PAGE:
Senatobia and inform me if he found them in force. I moved the main column through Luxahoma, driving and inferior force south, toward Panola. Colonel McCrillis reported that he found the enemy in force 4 miles from Luxahoma, in a very strong position, in the swamps of Senatobia Creek. I immediately sent him orders to press the enemy slowly, while I pushed around the enemy's right flank to his rear. The road being rough, after marching 6 miles, I found my artillery could not move rapidly. Retaining the sixth Iowa to support ti, I pushed all my cavalry rapidly southwest 6 miles, I found my artillery could not of the enemy had not escaped from COLONEL McCrillis, I pushed the cavalry rapidly toward Senatobia. In the mean time the enemy, after a sharp skirmishes with Colonel McCrillis, had broken and fled rapidly avoiding the movement of my main column, of which they were apprised, retreating toward Helena, and on a road WEST of the main Panola road, leaving 9 killen the swamps about Senatobia Creek. A few moments after reaching the town it was fired on the windward side. With great exertions, a portion of the stores were saved and all the dwelling houses. We were obliged to pull down five stores in order to save the town. Although active inquiries have been made, so far the officers have failed to ascertain the perpetrators, and through both men and officers have failed to ascertain the perpetrators, and though both men and officers of Colonel McCrillis command worked resolutely and cheerfully to extinguish the fire, I am under the impression the buildings were fired by men of his command, or some citizen scouts who happened to be with the brigade at the time. Colonel McCrillis did all in his power to extinguish the fire, and the only buildings lost had been abandoned for months.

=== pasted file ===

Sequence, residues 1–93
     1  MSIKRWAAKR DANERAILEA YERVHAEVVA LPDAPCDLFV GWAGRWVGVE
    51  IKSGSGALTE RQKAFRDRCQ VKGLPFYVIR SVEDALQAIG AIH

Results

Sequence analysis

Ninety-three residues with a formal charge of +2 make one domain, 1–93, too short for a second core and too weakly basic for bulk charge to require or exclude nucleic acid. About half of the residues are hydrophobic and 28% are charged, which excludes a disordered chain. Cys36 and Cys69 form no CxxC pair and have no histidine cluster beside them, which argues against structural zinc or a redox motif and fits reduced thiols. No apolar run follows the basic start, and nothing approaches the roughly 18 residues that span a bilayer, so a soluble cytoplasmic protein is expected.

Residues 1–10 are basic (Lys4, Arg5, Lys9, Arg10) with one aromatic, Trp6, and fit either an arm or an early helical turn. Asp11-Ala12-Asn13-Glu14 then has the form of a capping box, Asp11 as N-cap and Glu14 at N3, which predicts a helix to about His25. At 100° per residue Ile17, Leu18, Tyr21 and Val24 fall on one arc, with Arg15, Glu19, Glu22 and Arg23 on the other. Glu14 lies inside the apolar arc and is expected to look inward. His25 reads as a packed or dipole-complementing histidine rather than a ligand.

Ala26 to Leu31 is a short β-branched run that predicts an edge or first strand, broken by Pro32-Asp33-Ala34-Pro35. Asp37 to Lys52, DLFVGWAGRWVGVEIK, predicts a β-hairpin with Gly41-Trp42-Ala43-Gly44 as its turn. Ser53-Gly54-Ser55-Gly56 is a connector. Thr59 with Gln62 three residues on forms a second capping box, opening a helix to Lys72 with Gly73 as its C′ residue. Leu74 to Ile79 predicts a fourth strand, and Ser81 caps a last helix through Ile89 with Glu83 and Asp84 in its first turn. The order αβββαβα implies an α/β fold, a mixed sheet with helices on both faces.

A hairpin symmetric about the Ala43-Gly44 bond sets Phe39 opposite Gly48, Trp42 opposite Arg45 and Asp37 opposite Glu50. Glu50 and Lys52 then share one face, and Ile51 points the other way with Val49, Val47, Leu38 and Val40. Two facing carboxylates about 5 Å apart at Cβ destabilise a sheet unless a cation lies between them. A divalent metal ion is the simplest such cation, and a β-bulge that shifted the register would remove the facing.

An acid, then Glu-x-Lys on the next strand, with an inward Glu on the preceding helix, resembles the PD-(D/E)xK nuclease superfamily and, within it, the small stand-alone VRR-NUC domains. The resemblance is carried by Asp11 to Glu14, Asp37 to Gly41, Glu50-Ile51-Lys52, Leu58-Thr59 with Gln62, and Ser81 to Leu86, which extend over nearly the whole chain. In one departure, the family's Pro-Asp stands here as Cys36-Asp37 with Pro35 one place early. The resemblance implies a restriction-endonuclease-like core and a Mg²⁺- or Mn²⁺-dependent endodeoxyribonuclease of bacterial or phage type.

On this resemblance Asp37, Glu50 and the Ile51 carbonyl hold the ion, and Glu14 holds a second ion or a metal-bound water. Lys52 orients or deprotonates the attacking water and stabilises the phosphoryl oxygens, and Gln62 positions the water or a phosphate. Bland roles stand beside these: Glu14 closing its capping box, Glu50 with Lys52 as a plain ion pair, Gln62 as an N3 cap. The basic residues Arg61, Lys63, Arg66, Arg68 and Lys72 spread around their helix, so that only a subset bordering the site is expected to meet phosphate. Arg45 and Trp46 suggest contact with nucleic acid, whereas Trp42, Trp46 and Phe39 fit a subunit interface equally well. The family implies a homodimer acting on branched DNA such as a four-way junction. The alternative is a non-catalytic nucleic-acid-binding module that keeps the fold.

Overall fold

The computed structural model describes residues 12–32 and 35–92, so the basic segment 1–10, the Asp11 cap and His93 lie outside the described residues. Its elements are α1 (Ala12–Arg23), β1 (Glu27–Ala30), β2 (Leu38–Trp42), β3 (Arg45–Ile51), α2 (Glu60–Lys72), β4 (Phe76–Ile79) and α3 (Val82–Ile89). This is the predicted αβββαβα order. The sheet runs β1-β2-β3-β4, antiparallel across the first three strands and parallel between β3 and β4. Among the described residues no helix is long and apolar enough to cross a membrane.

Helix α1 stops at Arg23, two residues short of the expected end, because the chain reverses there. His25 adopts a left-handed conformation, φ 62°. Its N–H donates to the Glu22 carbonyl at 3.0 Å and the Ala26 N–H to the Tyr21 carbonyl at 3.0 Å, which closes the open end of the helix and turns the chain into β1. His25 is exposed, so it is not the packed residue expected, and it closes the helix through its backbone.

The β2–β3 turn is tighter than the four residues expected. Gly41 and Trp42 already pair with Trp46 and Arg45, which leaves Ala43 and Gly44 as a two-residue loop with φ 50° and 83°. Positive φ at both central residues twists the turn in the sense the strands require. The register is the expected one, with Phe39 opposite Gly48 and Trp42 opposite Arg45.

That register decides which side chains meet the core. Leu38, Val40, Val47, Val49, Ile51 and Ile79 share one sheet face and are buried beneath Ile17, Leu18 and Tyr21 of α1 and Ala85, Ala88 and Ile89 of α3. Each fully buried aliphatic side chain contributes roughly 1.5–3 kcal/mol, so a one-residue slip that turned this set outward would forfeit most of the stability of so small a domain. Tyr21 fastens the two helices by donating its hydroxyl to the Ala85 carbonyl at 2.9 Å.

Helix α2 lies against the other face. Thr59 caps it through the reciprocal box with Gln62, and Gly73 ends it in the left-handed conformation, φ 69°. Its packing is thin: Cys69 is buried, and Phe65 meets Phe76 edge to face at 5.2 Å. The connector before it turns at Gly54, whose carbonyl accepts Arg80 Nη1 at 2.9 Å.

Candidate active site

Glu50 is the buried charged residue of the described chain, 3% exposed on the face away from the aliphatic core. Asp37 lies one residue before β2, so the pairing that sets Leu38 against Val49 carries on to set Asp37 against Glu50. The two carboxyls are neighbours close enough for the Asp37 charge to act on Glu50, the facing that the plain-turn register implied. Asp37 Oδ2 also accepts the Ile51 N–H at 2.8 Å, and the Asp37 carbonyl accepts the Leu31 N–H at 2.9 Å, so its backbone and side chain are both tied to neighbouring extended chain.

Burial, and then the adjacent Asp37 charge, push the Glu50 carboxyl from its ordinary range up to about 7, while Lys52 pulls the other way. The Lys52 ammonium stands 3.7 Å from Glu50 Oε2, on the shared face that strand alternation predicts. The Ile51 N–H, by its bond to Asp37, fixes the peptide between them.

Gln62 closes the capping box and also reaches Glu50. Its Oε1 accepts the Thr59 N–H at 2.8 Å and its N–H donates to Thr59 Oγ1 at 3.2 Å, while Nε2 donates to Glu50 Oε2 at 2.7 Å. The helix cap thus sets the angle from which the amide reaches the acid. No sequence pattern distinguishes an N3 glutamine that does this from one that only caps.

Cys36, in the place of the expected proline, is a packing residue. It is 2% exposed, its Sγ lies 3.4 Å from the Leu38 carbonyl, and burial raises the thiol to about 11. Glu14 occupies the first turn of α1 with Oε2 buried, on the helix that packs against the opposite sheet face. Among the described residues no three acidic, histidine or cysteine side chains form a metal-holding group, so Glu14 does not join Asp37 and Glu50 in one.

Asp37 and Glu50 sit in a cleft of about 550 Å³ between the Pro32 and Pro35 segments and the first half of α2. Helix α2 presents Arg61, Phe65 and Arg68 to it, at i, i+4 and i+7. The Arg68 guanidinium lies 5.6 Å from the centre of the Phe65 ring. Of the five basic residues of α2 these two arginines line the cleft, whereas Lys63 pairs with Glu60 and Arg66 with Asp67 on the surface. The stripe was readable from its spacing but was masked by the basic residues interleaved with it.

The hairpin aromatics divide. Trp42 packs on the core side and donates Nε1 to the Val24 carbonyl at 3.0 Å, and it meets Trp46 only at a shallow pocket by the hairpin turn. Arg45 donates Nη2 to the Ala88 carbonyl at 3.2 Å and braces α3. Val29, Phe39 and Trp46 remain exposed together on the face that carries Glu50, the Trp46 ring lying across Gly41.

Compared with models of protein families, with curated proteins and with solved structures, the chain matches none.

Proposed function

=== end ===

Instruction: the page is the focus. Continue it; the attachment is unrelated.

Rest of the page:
Great credit is due to the command of Colonel McCrillis in driving the enemy out of the swamp at Senatobia, a very strong position. Camping that night with my artillery and infantry 2 miles south of the town, I pushed Colonel McCrillis' command south toward Panola, and detachments of the SECOND Iowa Cavalry WEST to the Coldwater, in pursuit of the enemy, who had gone on different roads.
May 24, sent the artillery to Coldwater Station, 10 miles north of Senatobia, with part of the SIXTH Iowa Infantry, using the balance of the command to pick up stock and negroes, most of which has been run out of the country. Colonel McCrillis reported the following day at Coldwater Station. He had driven the detachments of the enemy going south over the Tallahatchee. The detachments sent after the enemy toward Coldwater did not come up with them, and learning they were retreating in small parties, returned, reporting the following day at Coldwater Station, bringing in what stock they could find.
The next day, May 26, broke my command up in detachments, sending one column by the way of Cockrum's Cross-Rods, and near Holly Springs, to La Grange, one by the way of Mount Pleasant, Collierville, and La Grange, one direct to Collierville, and one to Germantown, with orders to scour the country for guerrillas. The weather being hot and dusty, we lost many animals, which I was able to replace, bringing in about 400 mules at the different posts.
The casualties in this count were 5 men wounded. The cattle driven in by the command were turned over to Colonel McCrillis at Hernando
Very respectfully, your obedient servant,
Colonel SECOND Iowa Volunteer, commanding Brigade.
Captain W. H. MORGAN,
Assistant Adjutant-General, cavalry DIVISION.